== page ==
NCCN Guidelines for Patients® | Melanoma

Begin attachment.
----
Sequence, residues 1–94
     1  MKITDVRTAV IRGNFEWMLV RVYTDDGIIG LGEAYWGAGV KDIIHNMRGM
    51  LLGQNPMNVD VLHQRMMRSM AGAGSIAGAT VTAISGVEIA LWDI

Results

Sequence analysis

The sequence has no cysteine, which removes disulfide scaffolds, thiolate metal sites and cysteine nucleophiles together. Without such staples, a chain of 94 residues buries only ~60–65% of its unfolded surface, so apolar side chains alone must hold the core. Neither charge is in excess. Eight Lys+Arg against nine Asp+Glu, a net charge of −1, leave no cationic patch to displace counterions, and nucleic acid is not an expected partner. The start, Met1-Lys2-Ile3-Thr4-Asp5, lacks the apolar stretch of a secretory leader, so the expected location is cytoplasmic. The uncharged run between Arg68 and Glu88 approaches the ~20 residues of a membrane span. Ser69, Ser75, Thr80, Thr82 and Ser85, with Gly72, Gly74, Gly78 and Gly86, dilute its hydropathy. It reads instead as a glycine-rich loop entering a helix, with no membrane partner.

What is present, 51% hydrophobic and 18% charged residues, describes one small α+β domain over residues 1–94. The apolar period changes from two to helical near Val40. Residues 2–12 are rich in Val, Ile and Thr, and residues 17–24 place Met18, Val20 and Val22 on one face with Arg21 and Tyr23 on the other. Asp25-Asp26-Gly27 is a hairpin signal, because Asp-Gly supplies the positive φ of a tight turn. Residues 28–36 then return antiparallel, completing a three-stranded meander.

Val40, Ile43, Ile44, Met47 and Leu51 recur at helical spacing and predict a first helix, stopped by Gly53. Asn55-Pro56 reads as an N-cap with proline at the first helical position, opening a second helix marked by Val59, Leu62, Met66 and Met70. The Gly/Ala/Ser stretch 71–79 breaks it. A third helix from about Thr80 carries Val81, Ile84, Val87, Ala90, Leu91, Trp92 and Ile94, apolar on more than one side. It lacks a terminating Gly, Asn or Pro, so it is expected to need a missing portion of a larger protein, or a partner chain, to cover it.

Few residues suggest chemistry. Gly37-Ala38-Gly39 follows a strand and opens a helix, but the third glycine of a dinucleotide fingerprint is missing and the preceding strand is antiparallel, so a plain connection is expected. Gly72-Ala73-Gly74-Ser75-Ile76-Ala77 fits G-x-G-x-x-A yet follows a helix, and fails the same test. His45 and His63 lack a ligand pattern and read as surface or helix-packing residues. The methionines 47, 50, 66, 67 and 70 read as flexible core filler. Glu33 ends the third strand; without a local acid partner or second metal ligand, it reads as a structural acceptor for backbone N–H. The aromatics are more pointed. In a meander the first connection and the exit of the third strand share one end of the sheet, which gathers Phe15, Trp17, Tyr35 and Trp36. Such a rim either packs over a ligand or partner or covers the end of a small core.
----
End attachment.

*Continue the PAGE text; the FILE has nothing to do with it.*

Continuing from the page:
37 NCCN Guidelines for Patients ® : Melanoma, 2018 4  Overview of melanoma treatments Surgery Sentinel lymph node biopsy Based on the features of the primary melanoma tumor, there may be an increased risk of microscopic spread of melanoma cells to nearby (regional) lymph nodes. These lymph nodes are often found in nodal basins. Nodal basins are groups or clusters of lymph nodes found in certain parts of the body, such as the neck, armpit, and groin area. Microscopic spread to a lymph node cannot be detected by touch or by imaging tests. If the risk is high enough, your doctor may recommend a sentinel lymph node biopsy. This surgery involves injecting a special dye into the skin near the primary tumor. The dye follows the path lymph takes when it leaves the area of tumor and where cancer cells may invade nearby (regional) lymph vessels and lymph nodes. Your doctor will measure movement of the dye to find the sentinel lymph node—the first lymph node to which lymph, and possibly a cancer cell, travels. The sentinel lymph node will then be removed through a small surgical cut in the skin so a pathologist can test it for melanoma cells. Lymph node dissection Your doctor may perform a complete lymph node dissection if the sentinel lymph node biopsy or other tests show that cancer cells have spread to a lymph node basin. A lymph node dissection is surgery that removes all the lymph nodes in the nodal basin. This surgery is done with general anesthesia. Studies are being done around the world to determine if this more extensive surgery is helpful to patients who have had a positive sentinel lymph node biopsy. Side effects of surgery A side effect is an unhealthy or unpleasant physical or emotional condition caused by treatment. Each treatment for melanoma can cause side effects. The risk and severity of side effects from surgery for melanoma depend on many factors. This includes the type of surgery, extent of surgery, and the size of the melanoma tumor. Illustration Copyright © 2017 Nucleus Medical Media, All rights reserved. www. nucleusinc.com Figure 10 Area of wide excision with a 1.5 cm margin A wide excision is surgery that removes the entire melanoma tumor along with some normal-looking tissue around its edge. The normal-looking tissue is called the surgical margin. The curved cut taken around the circle is needed to close the surgical wound in a flat line.

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